Intrauterine devices (IUDs) are a commonly used form of female contraception. While
insertion/removal is typically uncomplicated, the media has drawn attention to reports
of IUDs breaking upon removal, with particular concern about increased likelihood
of breakage with copper IUDs. We used national pharmacovigilance data to examine trends
in the reporting of broken IUDs.
We examined the Food and Drug Administration Adverse Event Reporting System (FAERS)’s
reports for IUDs, with interest in “breakage.” We explored associations of breakage
with IUD type (copper vs. hormonal), year reported, reporter (consumer vs. clinician),
and patient characteristics (age and weight).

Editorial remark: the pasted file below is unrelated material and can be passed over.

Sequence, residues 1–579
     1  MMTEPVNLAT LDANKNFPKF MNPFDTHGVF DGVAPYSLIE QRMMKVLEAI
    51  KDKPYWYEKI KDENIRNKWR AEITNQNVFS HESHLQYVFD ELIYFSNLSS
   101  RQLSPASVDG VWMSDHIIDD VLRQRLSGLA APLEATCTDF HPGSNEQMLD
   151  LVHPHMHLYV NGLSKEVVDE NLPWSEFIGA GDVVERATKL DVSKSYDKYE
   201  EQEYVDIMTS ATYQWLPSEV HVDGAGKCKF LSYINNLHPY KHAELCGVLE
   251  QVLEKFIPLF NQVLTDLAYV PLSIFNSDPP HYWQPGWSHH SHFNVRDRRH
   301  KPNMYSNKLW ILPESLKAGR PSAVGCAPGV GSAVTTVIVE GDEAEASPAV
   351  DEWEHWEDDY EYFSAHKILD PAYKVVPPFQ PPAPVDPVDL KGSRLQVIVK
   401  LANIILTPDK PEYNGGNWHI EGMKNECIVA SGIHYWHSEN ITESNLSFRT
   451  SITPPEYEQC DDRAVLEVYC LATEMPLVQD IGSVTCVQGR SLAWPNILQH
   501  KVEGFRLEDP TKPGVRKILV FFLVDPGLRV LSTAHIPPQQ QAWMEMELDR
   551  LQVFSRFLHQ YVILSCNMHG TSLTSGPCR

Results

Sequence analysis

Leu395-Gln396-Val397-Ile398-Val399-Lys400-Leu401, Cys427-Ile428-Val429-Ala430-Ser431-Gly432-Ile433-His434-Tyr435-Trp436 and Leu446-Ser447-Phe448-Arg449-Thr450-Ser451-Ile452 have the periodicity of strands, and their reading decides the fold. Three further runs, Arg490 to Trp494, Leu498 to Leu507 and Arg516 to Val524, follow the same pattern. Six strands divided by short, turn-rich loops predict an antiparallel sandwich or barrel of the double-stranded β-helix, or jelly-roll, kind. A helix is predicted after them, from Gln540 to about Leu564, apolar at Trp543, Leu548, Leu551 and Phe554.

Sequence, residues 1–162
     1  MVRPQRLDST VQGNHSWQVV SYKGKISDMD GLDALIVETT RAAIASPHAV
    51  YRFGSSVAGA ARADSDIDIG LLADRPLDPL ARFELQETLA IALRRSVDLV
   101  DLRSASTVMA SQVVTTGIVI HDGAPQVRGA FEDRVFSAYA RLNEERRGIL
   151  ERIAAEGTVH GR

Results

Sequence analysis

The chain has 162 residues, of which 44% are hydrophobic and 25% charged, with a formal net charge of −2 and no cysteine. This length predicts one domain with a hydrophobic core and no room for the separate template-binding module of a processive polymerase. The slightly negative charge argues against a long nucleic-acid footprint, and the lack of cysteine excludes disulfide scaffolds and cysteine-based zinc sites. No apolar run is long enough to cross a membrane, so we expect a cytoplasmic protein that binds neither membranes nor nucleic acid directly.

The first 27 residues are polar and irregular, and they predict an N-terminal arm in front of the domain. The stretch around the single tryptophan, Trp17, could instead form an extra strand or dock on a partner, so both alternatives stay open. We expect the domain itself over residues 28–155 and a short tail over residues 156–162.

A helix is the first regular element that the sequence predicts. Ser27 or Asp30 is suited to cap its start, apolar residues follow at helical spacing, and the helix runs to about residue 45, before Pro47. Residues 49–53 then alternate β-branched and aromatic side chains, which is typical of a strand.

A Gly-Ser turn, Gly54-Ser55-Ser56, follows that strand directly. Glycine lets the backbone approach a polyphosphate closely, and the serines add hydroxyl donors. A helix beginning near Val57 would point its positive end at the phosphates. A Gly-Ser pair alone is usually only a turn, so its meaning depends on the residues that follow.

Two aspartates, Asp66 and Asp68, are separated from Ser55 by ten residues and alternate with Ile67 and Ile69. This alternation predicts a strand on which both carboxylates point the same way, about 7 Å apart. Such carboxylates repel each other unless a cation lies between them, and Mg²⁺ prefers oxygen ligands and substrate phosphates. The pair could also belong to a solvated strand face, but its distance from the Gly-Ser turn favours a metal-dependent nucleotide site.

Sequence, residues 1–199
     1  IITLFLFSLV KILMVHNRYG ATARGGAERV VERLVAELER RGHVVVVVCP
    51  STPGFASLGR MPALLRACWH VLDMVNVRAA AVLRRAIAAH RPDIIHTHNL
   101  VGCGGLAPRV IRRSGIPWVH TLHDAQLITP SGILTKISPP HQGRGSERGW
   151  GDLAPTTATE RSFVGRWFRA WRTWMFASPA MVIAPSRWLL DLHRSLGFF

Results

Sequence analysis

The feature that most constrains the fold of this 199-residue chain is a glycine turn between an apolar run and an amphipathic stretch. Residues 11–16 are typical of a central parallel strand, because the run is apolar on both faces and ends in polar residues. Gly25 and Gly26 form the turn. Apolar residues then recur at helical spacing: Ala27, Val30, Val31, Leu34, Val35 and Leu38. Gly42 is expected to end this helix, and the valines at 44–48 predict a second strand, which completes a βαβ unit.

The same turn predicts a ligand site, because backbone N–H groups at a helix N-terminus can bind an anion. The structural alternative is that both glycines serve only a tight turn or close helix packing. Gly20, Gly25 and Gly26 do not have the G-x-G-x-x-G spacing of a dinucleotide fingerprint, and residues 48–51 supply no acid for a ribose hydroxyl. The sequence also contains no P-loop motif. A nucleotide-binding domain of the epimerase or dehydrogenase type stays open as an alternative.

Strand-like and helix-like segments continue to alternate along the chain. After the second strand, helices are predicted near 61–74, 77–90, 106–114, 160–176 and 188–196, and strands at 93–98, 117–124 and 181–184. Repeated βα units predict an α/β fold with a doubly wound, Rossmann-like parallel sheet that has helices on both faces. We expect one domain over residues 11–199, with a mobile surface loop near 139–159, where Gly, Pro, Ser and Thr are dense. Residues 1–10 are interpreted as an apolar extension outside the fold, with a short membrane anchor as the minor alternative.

We identified 170,360 adverse reports for all types of IUDs (43,230 copper and 127,130
hormonal). 9.59% (n=4,147) of copper IUD adverse events were breakages. In contrast,
1.69% (n=2,147) of adverse events for hormonal IUDs were breakages. In a disproportionality
analysis comparing breakage reports for copper IUDs to hormonal IUDs, adverse events
for copper vs. those for hormonal IUDs were 6.18 times more likely (95% CI, 5.86–6.52)
to be a breakage report. IUD breakages were also associated with older, heavier-weight
individuals. Finally, breakage reports were disproportionately filed by clinicians
compared with non-clinicians (OR, 1.36; 95% CI, 1.29–1.43).
National pharmacovigilance data show disproportionate breakage in copper vs. hormonal
IUDs. Long term surveillance using publicly collected data may reveal events that
occur after prolonged use. This data can supplement patients’ anecdotal experiences
and help provide better counseling.